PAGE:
How can we ensure high-quality public services such as health care and education? Governments spend huge amounts of public money on public services such as health, education, and social care, and yet the services that are actually delivered are often low quality, inefficiently run, unresponsive to their users, and inequitable in their distribution. In this book, Julian Le Grand argues that the best solution is to offer choice to users and to encourage competition among providers. Le Grand has just completed a period as policy advisor working within the British government at the highest levels, and from this he has gained evidence to support his earlier theoretical work and has experienced the political reality of putting public policy theory into practice. He examines four ways of delivering public services: trust; targets and performance management; "voice"; and choice and competition. He argues that, although all of these have their merits, in most situations policies that rely on extending choice and competition among providers have the most potential for delivering high-quality, efficient, responsive, and equitable services. But it is important that the relevant policies be appropriately designed, and this book provides a detailed discussion of the principal features that these policies should have in the context of health care and education. It concludes with a discussion of the politics of choice.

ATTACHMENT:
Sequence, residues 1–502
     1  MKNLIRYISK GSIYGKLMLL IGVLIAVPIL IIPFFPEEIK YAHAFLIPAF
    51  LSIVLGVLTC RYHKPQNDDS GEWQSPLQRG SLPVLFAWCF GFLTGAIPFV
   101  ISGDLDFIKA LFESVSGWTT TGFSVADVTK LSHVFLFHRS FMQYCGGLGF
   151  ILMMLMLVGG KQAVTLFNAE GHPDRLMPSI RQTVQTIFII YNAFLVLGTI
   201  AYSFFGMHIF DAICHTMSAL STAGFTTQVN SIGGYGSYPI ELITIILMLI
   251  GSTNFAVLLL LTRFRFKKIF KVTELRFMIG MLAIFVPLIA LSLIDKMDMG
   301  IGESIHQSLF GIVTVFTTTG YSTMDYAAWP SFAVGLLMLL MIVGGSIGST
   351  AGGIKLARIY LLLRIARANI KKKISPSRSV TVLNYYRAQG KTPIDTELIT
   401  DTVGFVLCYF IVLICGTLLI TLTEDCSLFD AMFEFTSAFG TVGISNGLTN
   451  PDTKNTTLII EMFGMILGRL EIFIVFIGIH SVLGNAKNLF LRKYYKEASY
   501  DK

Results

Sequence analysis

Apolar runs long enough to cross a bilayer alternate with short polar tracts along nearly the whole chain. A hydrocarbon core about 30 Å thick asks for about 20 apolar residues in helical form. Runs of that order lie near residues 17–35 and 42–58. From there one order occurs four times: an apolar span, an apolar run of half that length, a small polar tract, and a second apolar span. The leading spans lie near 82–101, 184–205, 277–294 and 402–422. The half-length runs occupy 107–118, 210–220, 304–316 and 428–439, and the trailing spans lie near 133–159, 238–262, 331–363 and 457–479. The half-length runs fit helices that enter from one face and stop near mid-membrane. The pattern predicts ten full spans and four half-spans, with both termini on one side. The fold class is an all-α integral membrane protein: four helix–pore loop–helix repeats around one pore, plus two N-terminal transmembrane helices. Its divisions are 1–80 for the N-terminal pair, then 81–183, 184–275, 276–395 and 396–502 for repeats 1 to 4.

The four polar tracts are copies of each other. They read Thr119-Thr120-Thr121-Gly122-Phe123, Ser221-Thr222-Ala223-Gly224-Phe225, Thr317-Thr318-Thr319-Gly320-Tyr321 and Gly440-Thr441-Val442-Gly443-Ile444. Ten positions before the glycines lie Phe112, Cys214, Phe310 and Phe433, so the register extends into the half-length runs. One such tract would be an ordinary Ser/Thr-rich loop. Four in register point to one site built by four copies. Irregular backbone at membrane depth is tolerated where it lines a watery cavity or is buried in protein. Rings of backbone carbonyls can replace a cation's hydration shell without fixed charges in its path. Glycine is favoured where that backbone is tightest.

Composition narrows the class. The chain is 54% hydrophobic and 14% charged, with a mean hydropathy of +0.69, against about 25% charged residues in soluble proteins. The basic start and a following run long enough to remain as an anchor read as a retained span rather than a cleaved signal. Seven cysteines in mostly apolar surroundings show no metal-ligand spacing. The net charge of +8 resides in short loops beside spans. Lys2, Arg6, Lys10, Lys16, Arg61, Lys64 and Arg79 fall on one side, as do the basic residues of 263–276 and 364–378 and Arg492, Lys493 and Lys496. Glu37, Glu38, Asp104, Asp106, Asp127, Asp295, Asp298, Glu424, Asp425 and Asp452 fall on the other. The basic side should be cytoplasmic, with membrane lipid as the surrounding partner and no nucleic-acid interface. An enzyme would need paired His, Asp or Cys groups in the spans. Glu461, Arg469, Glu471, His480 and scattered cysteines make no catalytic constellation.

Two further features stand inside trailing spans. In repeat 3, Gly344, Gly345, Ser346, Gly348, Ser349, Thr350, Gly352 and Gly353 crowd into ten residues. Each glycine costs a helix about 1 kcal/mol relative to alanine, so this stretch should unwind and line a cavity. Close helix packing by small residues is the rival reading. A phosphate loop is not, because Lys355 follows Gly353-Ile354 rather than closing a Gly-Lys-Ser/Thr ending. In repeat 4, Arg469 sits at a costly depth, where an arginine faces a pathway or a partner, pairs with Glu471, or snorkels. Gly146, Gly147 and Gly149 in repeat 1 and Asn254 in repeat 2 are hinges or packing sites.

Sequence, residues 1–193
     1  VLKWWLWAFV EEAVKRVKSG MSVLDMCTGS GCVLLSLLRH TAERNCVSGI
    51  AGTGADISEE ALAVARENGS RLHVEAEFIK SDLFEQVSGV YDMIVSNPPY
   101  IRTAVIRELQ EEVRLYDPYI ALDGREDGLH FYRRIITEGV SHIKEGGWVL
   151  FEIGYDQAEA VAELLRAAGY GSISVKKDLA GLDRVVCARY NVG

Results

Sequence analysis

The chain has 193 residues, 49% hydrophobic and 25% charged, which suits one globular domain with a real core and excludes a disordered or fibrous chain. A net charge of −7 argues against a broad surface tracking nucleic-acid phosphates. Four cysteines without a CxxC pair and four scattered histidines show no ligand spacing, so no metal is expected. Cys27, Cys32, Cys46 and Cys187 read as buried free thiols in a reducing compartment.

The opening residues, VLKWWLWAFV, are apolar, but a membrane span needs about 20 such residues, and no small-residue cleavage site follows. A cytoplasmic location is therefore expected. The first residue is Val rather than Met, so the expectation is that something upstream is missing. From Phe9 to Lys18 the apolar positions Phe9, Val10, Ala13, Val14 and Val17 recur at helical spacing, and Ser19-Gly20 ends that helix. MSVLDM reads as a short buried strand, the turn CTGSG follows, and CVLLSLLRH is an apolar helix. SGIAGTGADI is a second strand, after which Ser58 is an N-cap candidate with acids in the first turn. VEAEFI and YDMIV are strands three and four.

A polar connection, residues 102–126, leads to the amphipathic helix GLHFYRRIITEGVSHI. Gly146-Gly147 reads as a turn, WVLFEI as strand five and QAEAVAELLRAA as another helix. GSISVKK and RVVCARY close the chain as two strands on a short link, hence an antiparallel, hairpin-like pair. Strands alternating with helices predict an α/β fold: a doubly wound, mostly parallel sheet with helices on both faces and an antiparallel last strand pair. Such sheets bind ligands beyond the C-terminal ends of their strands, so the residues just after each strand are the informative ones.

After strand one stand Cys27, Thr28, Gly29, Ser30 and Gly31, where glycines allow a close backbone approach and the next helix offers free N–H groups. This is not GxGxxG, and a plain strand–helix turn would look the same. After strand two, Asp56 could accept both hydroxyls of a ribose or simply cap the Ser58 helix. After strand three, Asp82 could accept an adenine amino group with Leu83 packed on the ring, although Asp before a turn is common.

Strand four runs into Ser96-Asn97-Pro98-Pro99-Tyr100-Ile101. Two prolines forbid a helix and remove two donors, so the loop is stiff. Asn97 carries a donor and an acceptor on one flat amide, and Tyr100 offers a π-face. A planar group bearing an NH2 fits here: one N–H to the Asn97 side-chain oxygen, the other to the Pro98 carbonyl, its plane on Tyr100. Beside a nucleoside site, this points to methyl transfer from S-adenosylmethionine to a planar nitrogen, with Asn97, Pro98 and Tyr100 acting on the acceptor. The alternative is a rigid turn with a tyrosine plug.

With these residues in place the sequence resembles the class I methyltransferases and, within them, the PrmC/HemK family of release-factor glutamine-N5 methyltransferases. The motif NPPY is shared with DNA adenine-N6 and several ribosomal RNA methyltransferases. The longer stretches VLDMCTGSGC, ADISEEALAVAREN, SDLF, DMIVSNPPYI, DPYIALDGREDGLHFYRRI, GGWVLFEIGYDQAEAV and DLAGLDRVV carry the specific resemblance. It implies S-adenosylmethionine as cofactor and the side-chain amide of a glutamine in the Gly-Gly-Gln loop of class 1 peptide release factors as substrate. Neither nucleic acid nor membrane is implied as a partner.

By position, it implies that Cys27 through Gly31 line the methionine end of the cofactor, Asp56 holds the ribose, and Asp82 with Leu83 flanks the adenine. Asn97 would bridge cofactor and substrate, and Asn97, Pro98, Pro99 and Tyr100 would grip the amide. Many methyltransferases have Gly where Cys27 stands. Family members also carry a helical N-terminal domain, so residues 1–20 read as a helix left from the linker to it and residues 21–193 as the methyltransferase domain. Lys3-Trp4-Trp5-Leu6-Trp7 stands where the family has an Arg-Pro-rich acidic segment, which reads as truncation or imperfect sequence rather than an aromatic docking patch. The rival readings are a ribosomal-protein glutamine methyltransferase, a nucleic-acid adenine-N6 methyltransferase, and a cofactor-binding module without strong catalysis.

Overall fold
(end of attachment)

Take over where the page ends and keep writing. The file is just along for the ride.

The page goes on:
Princeton University Press; January 2009
- ISBN: 9781400828005
- Read online, or download in secure PDF or secure ePub format
- Title: The Other Invisible Hand
- Author: Julian Le Grand; David Lipsey (other); Alain Enthoven (other)
Imprint: Princeton University Press
In The Press
"Le Grand's main themes revolve around the provision of genuine choice to users of public services and the incentives for improved service delivery that such provision puts in place. Provision of choice to users—especially in health and education—is controversial, partly because of doubts about user ignorance and because it runs in the face of professional norms. Le Grand delivers a very persuasive case in favor of user choice. This is a wise, imaginative, and eminently readable book."—Geoffrey Brennan, Australian National University
About The Author
Julian Le Grand is the Richard Titmuss Professor of Social Policy at the London School of Economics and Political Science. From 2003 to 2005 he was senior policy adviser to the British prime minister. His books include Motivation, Agency, and Public Policy: Of Knights and Knaves, Pawns and Queens.